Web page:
Manufacturing Combats Workforce Uncertainties

26 Jan, 2016

Stakeholders throughout the country are unrolling exceptional training programs.

By Rachel Duran

Photo Courtesy AmSkills

The numbers tell the story. Manufacturing supports an estimated 17.6 million jobs in the United States—about one in six private-sector jobs. The National Association of Manufacturers says 12 million Americans are directly employed in manufacturing work.

The manufacturing industry has the potential for unlimited possibilities. Trends in the use of materials such as those used in additive manufacturing (3-D printing), carbon-fiber composites used in the lightweighting of automobiles, as well as hand-motion technology and more advanced robotic systems support the innovations of today and those not dreamed of yet. And then there is the “Internet of Things.”

“When it comes to manufacturing, expect to hear more about the Internet of Things,” says global futurist Jack Uldrich, who focuses on technologies impacting the manufacturing industry. “In its simplest form, the idea is that in the coming decade an estimated 50 billion physical objects will be connected to the Internet through low-cost, wireless sensors. What makes the technology so potentially revolutionary is that some of the sensors will be nano-barcodes that can authenticate products (such as valuable pharmaceutical drugs) or nano-sensors that can read a host of information, including temperature, humidity and the level of exposure to oxygen, and then relay this information to manufacturers, distributors and customers to provide a complete history of the item.”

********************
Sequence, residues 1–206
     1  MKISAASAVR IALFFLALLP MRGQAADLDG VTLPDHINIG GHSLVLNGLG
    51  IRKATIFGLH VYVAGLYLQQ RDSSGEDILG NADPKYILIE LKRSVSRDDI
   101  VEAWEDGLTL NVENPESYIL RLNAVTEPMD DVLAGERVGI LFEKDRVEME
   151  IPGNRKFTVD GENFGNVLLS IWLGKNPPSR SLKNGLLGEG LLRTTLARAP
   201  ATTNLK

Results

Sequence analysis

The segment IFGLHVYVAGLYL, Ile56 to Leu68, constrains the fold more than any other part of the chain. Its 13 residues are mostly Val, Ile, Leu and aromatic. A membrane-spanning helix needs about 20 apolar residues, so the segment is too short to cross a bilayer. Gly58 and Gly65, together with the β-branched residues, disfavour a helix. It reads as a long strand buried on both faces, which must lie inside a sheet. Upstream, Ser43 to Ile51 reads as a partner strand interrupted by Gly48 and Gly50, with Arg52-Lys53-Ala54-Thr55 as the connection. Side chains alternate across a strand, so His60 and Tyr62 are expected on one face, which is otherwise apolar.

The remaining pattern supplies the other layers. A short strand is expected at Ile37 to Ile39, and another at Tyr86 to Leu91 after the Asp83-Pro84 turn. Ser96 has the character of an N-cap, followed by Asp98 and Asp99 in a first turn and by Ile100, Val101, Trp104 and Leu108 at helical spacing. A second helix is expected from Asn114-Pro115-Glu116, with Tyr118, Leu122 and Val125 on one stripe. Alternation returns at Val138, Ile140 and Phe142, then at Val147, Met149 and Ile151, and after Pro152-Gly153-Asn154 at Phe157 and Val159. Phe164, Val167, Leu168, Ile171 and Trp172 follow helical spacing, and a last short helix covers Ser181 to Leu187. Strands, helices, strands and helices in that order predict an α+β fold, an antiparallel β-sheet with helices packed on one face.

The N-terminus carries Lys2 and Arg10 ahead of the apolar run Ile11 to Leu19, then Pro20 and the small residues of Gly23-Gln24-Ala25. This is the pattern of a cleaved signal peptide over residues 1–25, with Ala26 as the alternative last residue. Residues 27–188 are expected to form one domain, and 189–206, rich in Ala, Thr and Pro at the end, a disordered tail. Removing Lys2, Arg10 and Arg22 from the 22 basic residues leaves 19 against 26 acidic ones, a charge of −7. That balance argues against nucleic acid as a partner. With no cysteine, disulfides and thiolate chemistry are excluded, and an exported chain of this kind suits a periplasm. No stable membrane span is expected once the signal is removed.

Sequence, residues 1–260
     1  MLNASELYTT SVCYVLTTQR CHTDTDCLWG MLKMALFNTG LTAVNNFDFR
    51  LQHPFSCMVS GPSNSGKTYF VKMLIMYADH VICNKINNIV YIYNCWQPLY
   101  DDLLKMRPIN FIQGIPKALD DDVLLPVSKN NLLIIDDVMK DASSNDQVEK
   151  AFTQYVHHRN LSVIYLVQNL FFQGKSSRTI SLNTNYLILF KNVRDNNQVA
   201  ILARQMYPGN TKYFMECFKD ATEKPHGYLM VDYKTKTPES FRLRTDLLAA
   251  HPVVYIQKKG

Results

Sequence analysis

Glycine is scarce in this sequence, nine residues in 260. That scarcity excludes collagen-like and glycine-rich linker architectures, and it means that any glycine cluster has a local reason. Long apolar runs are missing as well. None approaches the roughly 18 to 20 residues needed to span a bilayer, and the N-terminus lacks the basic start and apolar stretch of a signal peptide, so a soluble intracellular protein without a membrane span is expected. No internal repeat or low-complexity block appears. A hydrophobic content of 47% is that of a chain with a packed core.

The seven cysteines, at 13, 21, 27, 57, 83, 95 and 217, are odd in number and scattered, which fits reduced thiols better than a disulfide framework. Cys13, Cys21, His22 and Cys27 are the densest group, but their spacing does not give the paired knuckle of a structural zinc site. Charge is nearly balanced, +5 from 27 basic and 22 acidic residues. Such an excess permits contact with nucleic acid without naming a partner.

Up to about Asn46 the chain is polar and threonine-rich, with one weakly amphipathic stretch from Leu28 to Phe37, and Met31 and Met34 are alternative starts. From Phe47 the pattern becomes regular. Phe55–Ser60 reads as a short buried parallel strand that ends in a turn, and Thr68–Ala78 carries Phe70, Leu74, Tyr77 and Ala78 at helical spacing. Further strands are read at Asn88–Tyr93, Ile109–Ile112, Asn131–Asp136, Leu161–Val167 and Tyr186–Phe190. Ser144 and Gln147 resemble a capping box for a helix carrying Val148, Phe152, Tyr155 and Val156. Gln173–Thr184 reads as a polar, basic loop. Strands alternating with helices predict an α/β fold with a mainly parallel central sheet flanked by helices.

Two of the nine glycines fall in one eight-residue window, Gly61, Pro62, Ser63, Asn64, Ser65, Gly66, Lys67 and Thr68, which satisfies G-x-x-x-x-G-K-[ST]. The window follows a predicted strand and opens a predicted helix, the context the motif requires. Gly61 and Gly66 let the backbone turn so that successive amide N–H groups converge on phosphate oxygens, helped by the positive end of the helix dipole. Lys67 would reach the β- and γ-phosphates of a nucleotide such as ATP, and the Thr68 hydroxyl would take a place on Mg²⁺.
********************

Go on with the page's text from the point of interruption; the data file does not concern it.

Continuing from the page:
To keep up with the advances, manufacturing companies require highly skilled talent to design and engineer the products and operate the robotic equipment. The flip side of the industry’s future success is the continuation of the serious skills gap. Industry stakeholders such as national associations, educators, manufacturers and communities are placing an emphasis on STEM education, as well as luring more women to manufacturing careers.

Among the many initiatives underway to attract women to manufacturing careers is the partnership between The Manufacturing Institute and the Alcoa Foundation. They host STEP (Science, Technology, Engineering, and Production) Forward events to mentor and recognize women involved in the industry, while also leading research efforts to encourage more women to enter careers in manufacturing.

An initiative raising the profile of manufacturing careers among youth and parents is the annual Manufacturing Day (MFG Day), which is co-produced by several manufacturing-related associations and sponsored by many industry leaders. For one day each October, teachers, students, parents/influencers, and employers from throughout the country provide/take tours of plants, and participate in experiential and virtual activities, among many other activities.